This is quite a long article, but the people in it are well worth the read... There are two irresistibly likeable and special people I'd like to introduce to you, and here they are – Christine and Paul Bryden (being photographed by their granddaughter Saskia).
We had a fascinating, rich, warm – and quite long – meeting at the Kings Fund earlier this week. They're the kind of people I'd like to have as regular friends, although they live in Brisbane, so they won't be easy to pop in on.
I encountered Christine Bryden by chance. She has written two books: Dancing with Dementia: My Story of Living Positively with Dementia; and Who Will I Be When I Die?. I came across these a little while ago, when researching a new life communication product I am developing for people with early stage dementia. Those in the know seem to think it's a good idea and it is gathering momentum, so I was interested to know if she would be interested in joining the advisory panel to help with it.
It turns out that she would – and better still, she and Paul were due to come to the UK for the 27th Conference of Alzheimer's Disease International which has been running at ExCel in London this week. She will be speaking on Saturday. So we were able to meet up after they had visited Jessica Kingsley, her publishers, to discuss the idea and Christine's possible involvement. I nearly forgot to mention – partly because neither of them allows it to define her; Christine has late-stage frontal lobe dementia. And frankly, you would hardly know it from a casual encounter with her. As she agreed with me (and her doctor) she's a very determined person.
This short extract from an article she wrote for the Silver Institute last December displays her pragmatic record of and attitude towards the disease she lives with:
"Life is becoming much more difficult, and Paul needs to be even more patient. I cannot plan ahead, nor recall even this morning or yesterday, and I am so frustrated with my inability to think clearly, let alone speak properly. It is so hard to try to describe what this feels like – this endless struggle to think where I am in the flow of time, and what I am meant to be doing, let alone what I just did.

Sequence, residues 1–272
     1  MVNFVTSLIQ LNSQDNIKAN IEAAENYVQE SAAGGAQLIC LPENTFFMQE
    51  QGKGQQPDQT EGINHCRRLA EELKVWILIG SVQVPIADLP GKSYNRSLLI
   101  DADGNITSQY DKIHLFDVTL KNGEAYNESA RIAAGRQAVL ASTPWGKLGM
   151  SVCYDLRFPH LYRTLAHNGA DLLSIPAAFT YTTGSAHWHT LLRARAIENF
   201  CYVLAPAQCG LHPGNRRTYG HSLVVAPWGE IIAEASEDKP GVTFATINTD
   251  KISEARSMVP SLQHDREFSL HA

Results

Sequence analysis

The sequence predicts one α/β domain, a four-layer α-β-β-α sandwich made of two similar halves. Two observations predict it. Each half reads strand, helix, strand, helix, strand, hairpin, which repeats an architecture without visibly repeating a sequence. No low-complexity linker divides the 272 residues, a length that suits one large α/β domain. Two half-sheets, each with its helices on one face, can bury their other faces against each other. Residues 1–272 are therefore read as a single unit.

Words come out in a true jumble – just rubbish at times. I don’t know how Paul manages to know what I am trying to say. Handwriting is a scribble - just a muddle of letters. I can’t even count money any more, and make lots of mistakes with our finances on the computer. Paul is an amazing man, keeping me trying to cope by encouraging me, and letting me do as much as possible. It is really embarrassing to be honest about this, but sometimes my struggle to cope with daily living is so overwhelming that I scream and shout, use bad language, and behave like a spoiled toddler. I am amazed that Paul still puts up with me!"
Paul, a part-time prison Chaplain, is a sensitive and immensely evolved man. He described his role in Christine's life not as a carer but as an enabler. I LOVED that. All through our encounter, which also included a walk back to the tube station afterwards with her picking her way hesitantly across the paving cracks as anyone with a dementia might, he did just that – enabled her – with the very lightest of touches. And I saw her give herself up, without even the slightest hint of giving in. It was a privilege to be present with them.
I was telling them about my idea and talking generally about a favourite theme – the reminiscence bump – which I often talk and write about and which underpins so much of my work.